BioFuelNet is structured around sequential stages in a biofuels value chain, or production system: feedstocks, conversion, and utilization. A fourth research theme addresses the socio-economic and environmental sustainability (SEES) of Canadian biofuels production. These four themes create strong communities of interest on cross-cutting issues related to biofuels, driving internal knowledge exchange. This page provide theme details.
Examining the source of the material used to create the biofuels and the ultimate limitation on how much biofuel can be produced.
Feedstock availability represents the ultimate limitation on how much biofuel Canada can produce. This theme examines the source of the material used to create the biofuels, with a particular focus on non-food materials such as woody species, grasses, algae, and municipal solid waste.
The theme also covers studies of biomass availability, the genetics of woody species and grasses, low-input production practices for purpose grown biomass, harvest and handling of biomass crops, collection of forest and agricultural residues, densification of biomass and the effects of biomass properties on various conversion processes.
Conducting research into the manufacture of fuels and the current major impediment to efficient and cost effective fuel production from non-food biomass.
The conversion step is the current major “bottleneck” to efficient and cost effective fuel production from non-food biomass. This theme addresses the major areas of research required to improve the conversion of biomass into high quality fuels. Using a biochemical approach, this could mean developing enzymes that are fast enough and inexpensive enough to allow rapid and efficient conversion of cellulose and hemi-cellulose into various alcohols.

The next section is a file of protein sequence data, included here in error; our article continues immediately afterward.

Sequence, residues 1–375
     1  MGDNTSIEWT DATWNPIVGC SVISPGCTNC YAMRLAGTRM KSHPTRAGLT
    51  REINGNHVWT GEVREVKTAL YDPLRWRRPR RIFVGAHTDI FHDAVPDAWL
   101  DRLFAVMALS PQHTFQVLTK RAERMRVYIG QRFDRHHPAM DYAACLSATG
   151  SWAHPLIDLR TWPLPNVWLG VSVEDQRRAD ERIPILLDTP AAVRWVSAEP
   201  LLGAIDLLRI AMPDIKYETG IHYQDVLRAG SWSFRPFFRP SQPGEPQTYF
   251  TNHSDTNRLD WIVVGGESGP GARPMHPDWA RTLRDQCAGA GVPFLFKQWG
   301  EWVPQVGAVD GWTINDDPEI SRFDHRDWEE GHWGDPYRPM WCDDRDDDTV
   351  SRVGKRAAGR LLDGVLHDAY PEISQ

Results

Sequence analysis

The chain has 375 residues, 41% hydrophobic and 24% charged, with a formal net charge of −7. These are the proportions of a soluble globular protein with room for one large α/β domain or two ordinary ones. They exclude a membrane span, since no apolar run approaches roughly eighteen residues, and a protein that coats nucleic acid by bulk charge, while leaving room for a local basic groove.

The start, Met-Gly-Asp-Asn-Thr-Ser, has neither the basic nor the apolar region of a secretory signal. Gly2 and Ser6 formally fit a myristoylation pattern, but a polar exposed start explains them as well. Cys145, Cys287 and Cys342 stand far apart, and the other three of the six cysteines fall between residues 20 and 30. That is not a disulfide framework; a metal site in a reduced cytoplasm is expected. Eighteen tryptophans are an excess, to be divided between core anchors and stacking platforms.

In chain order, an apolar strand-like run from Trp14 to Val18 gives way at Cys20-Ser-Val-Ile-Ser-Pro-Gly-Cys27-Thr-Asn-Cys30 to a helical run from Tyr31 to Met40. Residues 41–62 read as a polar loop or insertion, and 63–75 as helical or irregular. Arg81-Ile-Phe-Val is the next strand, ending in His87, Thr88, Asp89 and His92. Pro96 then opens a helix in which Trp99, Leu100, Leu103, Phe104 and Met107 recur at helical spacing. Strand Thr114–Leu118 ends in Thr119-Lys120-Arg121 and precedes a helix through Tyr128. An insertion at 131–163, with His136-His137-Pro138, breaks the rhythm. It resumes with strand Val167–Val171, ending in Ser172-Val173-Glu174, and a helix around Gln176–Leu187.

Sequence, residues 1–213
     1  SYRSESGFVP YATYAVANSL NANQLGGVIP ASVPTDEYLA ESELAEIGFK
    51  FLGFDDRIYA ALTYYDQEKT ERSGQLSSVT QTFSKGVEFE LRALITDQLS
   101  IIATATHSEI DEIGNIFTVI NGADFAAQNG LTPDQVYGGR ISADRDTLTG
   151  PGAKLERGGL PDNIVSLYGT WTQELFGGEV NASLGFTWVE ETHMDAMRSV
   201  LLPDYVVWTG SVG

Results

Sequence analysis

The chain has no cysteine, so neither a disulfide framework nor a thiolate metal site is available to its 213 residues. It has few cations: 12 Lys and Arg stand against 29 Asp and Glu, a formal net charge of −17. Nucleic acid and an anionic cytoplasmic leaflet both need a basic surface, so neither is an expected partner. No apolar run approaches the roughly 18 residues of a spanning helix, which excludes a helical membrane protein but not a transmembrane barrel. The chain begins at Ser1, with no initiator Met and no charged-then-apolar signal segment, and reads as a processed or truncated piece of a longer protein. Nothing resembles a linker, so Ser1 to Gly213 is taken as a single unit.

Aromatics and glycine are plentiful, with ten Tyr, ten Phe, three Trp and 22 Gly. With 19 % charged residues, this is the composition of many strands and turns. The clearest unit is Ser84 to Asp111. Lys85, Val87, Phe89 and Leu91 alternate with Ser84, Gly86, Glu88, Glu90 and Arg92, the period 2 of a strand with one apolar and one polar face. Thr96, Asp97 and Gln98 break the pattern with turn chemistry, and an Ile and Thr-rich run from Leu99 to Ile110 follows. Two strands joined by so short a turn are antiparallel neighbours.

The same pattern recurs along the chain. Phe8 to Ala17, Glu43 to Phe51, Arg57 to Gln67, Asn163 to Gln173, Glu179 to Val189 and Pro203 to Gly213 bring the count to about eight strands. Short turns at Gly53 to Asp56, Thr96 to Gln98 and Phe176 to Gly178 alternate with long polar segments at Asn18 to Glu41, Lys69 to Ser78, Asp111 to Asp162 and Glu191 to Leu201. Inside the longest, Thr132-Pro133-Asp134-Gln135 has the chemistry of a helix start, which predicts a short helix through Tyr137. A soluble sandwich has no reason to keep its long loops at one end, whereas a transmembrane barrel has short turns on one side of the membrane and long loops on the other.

Using a thermochemical approach, this could mean producing bio-oil or syngas, both of which require further upgrading. The Conversion theme also studies the production of high value bioproducts to allow for economic biorefinery operation.
The research in this theme will address the critical issues of combustion and emission properties for the newly developed biofuels and investigate the associated impacts on both current and future engine technologies.
The Utilization theme is focused on the performance of advanced biofuels in engines, including power generation, and effects on engine performance and emissions.
BioFuelNet recognizes that new fuels must not generate new sustainability issues by producing novel and challenging emissions. Traces of certain contaminants in biofuels can lead to enhanced engine fouling, cause engine failure and invalidate warrantees.
The research within the Utilization theme will enable new biofuels to be validated for use in automotive, aircraft and power generation applications.
SEES (Social, Economic and Environmental Sustainability) informing the full value-chain regarding broader aspects of sustainability.
The SEES theme will perform both impact assessments (which consider the economic, social, and environmental impacts of technology), and life-cycle assessments (which calculate net energy consumption and emissions for various processes).
The SEES theme utilizes the regional platforms and their associated value chains as case studies. Projects focused on policy assessment and knowledge transfer are also included in this theme to provide appropriate tools for interpreting the results of BioFuelNet’s technologies, and ultimately to provide strategic assessment and recommendations to government and industry.